Treatment for Vascular Compression Syndrome
While rare, cranial vascular compression syndromes including hemifacial spasm, vertigo, and glossopharyngeal neuralgia can occur just as trigeminal neuralgia (TN) can, although virtually never in the same person. Vascular compression syndromes are caused by pressure being applied to different cranial nerves, usually a blood vessel, and the symptoms reflect a hyperactivity of the original function of that nerve. Like TN, they are typically sudden in onset and vary in severity.
The Colorado Trigeminal Neuralgia Clinic is well versed in treating all areas of the brainstem, including those affected by vascular compression syndromes. We provide comprehensive assessments, ensuring that whether you suffer from trigeminal neuralgia or any other compression syndrome, you receive care tailored to your specific needs. Our experts treat patients from throughout Colorado, Wyoming, western Kansas, and New Mexico.
Hemifacial spasm is caused by compression of the facial (7th) cranial nerve. Most commonly characterized by involuntary spasms on one side of the face, hemifacial spasm rarely occurs on both sides of the face. Often it starts as a subtle twitching of the eye but can evolve over months or years to include the mouth and the entire side of the face, occasionally becoming so severe that driving and other daily activities are rendered difficult or dangerous due to effects on vision of the affected side. Hemifacial spasm is more common in elderly women and people of Asian descent and affects roughly 1 in 100,000 people.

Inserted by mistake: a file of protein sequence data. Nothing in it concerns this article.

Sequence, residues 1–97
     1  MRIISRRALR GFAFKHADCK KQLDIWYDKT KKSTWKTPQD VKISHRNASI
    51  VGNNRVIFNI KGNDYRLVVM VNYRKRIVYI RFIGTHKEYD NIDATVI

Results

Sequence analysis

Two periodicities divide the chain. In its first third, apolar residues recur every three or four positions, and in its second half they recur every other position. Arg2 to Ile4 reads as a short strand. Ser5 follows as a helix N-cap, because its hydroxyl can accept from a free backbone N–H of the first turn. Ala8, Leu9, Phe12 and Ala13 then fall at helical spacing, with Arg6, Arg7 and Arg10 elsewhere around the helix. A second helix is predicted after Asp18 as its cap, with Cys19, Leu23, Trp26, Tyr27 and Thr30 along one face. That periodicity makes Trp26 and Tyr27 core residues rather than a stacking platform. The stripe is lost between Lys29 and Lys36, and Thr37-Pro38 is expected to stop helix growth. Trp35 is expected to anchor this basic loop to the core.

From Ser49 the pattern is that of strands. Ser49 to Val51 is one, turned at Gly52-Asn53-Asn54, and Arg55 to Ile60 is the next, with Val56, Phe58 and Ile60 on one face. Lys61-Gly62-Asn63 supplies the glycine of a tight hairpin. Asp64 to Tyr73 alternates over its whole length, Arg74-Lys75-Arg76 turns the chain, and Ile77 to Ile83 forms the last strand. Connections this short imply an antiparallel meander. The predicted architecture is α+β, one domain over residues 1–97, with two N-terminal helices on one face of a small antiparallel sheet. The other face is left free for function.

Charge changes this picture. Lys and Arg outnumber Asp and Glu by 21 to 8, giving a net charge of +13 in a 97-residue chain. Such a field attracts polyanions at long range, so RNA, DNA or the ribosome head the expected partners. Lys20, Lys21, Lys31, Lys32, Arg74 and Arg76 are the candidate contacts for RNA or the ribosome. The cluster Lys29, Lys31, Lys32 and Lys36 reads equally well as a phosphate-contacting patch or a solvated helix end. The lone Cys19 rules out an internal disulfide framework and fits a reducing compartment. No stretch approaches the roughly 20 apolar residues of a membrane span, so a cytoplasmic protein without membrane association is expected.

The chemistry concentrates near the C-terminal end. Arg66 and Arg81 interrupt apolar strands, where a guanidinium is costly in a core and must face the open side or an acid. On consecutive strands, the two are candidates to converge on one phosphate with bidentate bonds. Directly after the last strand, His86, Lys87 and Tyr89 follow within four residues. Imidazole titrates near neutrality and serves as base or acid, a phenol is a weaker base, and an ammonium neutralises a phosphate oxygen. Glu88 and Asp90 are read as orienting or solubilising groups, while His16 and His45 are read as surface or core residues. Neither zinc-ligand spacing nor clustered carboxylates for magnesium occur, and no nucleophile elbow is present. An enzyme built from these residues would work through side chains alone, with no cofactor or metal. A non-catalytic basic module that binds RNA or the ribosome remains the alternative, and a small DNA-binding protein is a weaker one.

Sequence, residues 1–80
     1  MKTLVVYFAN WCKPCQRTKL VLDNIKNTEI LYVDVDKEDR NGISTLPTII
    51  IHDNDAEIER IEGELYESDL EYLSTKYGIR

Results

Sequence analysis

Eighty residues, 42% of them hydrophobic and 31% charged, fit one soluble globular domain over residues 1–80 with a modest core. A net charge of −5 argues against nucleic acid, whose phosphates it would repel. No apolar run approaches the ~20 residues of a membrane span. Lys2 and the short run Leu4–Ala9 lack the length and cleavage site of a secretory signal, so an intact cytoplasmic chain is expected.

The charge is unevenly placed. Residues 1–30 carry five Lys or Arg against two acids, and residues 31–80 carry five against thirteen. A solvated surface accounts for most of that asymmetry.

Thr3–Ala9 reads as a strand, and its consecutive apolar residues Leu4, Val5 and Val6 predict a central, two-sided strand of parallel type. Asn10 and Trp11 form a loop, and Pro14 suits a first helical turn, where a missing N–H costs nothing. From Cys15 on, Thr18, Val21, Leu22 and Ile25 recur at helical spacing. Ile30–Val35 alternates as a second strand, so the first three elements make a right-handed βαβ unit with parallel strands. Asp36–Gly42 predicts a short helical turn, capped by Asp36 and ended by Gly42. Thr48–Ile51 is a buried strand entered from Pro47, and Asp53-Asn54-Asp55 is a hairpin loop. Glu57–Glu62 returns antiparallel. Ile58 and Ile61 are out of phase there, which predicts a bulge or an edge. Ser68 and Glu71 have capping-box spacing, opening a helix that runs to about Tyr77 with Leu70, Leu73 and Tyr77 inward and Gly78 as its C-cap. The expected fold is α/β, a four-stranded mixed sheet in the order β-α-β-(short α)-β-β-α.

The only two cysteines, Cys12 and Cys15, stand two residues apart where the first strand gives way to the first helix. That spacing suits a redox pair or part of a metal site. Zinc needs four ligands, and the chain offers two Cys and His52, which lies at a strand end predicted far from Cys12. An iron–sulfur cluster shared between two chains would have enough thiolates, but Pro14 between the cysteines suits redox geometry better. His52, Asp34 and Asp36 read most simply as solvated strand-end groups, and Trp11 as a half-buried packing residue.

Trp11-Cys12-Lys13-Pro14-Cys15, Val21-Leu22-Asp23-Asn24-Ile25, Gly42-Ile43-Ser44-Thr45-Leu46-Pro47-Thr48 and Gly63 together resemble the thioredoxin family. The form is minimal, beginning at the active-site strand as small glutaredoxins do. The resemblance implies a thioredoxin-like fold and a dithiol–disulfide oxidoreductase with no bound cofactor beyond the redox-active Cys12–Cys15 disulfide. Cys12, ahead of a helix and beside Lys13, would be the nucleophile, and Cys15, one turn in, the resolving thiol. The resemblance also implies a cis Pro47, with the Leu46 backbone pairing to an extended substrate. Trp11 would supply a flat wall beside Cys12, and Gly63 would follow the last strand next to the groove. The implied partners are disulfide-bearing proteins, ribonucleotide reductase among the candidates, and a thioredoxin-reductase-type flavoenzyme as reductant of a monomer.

Botox is typically the first treatment option for hemifacial spasm. In more severe or unresponsive cases, microvascular decompression (MVD) is recommended.
For more information about hemifacial spasm, this online resource may be helpful:
Nearly 40 percent of Americans experience vertigo, also known as dizziness, in their lifetime. While vertigo typically results from issues with the peripheral vestibular system, vertigo can, in rare cases, be caused by compression of the vestibulocochlear (8th) cranial nerve, which is responsible for balance. Such a diagnosis must be confirmed through imaging and other studies. Intractable vertigo related to vascular compression can sometimes be treated with microvascular decompression (MVD).
For more information about vertigo related to vascular compression, these online resources and articles may be helpful:
- Vestibular Disorders Association
- American Hearing Research Foundation
- Wuertenberger, C., Rosahl, S. "Vertigo and Tinnitus Caused By Vascular Compression of the Vestibulocochlear Nerve ..." Skull Base. 2009 November; 19(6): 417–42
Most often caused by compression of the glossopharyngeal (9th) cranial nerve, glossopharyngeal neuralgia is the least common vascular compression syndrome, affecting roughly 1 in 125,000 people, most of whom are 40 years of age or older. Glossopharyngeal neuralgia can cause severe pain in the back of the nose and throat, tongue, or, in rare instances, the ear. The jabbing-like pain is typically on one side, with episodes occurring often throughout the day and night or only appearing every few weeks. Triggers for glossopharyngeal neuralgia can include chewing, coughing, laughing, swallowing, and speaking. Anticonvulsant medications and antidepressants are commonly used to treat the syndrome, while severe cases may require microvascular decompression (MVD).
For more information about glossopharyngeal neuralgia, these online resources may be helpful:
- Glossopharyngeal Neuralgia Information from the National Institute of Neurological Disorders and Stroke
- New York Times Health Guide on Glossopharyngeal Neuralgia
- Glossopharyngeal Neuralgia Support Group